Apr 12, 2005
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#4
Hi, I've read these lines from whitepaper from http://www.aakatz.com/whitepaper/ and I have a few question about things...

To get the deepest depth of field - the sharpest photos:


Use high f/stops (smaller apertures)
Use wide-angle focal lengths
Shoot subjects from a distance, even if you zoom

To get shallow depth of field - to isolate subjects from backgrounds:


Use low f/stops (larger apertures)
Use as much telephoto zoom as you can (high focal lengths)
Separate subjects from backgrounds
Shoot from as close as you can get to the subject

I don't really get the part "Shoot subjects from a distance, even if you zoom" Meaning if lets say I want to take someone in a picture together with a background and I want them both sharp, must I stand far away and take that picture? In this case, can I actually zoom in to that someone and still have a deep DOF? Or zooming in will cause it to have a shallower DOF?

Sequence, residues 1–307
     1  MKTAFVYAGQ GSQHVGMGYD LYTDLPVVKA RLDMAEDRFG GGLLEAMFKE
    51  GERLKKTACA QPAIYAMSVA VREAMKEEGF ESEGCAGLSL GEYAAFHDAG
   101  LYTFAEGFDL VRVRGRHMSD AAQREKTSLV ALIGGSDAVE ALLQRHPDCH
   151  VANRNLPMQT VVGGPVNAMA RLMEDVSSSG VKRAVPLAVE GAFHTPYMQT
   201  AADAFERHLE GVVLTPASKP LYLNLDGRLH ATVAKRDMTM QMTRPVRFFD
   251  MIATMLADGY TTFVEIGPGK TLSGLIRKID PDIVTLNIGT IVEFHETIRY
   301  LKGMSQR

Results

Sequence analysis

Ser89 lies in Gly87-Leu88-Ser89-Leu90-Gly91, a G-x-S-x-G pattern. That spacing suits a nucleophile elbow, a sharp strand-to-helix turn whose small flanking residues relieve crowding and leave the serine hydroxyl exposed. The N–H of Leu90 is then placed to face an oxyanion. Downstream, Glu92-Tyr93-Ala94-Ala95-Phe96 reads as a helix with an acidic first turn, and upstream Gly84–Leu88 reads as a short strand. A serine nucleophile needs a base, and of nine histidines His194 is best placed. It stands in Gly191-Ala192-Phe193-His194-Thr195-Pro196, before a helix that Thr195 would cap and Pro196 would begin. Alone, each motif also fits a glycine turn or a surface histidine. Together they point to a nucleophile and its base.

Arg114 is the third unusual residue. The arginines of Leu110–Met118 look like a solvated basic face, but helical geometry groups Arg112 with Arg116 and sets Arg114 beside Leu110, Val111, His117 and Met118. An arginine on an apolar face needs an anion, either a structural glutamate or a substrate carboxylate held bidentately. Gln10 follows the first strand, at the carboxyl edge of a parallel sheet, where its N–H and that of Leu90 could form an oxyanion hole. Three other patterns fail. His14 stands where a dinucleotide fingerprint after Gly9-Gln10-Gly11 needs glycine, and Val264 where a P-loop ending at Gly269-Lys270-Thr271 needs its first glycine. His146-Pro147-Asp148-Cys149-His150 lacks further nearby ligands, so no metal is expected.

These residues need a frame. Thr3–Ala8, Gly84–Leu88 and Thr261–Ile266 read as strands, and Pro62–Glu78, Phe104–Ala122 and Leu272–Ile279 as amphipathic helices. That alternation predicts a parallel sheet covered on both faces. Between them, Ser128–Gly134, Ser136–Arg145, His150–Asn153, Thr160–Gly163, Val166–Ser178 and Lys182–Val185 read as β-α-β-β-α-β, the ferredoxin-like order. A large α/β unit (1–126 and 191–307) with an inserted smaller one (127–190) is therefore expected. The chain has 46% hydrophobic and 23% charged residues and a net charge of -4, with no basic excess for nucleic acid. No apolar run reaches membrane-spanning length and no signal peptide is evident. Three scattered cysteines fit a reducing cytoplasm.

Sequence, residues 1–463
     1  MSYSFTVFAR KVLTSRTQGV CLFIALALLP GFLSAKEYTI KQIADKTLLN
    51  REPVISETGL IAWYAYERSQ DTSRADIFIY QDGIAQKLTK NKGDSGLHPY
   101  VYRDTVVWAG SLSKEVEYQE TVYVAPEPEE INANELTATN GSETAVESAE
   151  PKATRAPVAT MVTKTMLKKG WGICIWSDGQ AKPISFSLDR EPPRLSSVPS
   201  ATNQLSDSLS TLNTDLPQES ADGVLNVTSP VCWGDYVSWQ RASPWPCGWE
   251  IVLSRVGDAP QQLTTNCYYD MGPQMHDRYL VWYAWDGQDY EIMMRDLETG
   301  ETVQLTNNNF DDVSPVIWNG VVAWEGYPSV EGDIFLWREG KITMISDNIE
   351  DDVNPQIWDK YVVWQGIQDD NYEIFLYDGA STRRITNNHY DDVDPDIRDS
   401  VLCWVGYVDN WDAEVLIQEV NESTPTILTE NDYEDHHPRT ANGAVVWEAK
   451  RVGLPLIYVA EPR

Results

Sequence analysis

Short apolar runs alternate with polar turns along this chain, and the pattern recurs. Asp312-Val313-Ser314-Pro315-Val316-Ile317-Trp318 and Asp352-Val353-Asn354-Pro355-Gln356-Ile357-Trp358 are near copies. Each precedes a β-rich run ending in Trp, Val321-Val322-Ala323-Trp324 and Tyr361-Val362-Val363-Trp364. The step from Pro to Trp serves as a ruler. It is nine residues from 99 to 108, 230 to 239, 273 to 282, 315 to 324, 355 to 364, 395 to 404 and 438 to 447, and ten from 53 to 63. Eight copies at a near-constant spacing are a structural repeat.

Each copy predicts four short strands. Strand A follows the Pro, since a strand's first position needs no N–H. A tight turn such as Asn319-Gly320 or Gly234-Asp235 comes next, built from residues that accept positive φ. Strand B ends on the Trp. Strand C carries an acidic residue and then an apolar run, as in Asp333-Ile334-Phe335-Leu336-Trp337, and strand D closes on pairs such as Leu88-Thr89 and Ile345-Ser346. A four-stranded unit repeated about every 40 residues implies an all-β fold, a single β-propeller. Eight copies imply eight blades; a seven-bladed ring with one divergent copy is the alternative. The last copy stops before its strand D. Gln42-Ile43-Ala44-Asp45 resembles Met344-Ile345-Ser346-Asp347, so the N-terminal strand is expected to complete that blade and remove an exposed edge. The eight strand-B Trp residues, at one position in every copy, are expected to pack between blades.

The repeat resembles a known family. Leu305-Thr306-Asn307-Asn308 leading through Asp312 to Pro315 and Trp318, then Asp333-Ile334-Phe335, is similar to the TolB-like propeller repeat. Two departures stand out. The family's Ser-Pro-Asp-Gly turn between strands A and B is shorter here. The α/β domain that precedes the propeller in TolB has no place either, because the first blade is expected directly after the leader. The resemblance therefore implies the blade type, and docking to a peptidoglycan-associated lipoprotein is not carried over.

For the shallow depth of field, Use as much telephoto zoom as you can (high focal lengths) actually tells me to stand far away and zoom in all the way if possible, but the next line, Shoot from as close as you can get to the subject means I have to get close to my subject? :S I'm confused.. Sorry for being a noob man, guess tt's why I'm posting in the 'newbies corner'. :p
You're spot on. It's indeed confusing because what's in theory is not practical in real life.